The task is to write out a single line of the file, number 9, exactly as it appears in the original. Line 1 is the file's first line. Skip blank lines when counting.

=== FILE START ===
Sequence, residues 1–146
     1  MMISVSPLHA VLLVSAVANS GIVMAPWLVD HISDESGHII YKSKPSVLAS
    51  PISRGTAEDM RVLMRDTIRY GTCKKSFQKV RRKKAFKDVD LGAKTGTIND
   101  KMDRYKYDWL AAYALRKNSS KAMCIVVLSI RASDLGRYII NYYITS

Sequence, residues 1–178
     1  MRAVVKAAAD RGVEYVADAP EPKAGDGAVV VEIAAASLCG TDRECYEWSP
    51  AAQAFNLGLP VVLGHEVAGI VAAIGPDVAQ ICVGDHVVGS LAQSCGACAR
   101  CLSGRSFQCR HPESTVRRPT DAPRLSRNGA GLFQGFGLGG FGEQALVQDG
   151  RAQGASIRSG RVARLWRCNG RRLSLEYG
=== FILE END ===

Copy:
   151  RAQGASIRSG RVARLWRCNG RRLSLEYG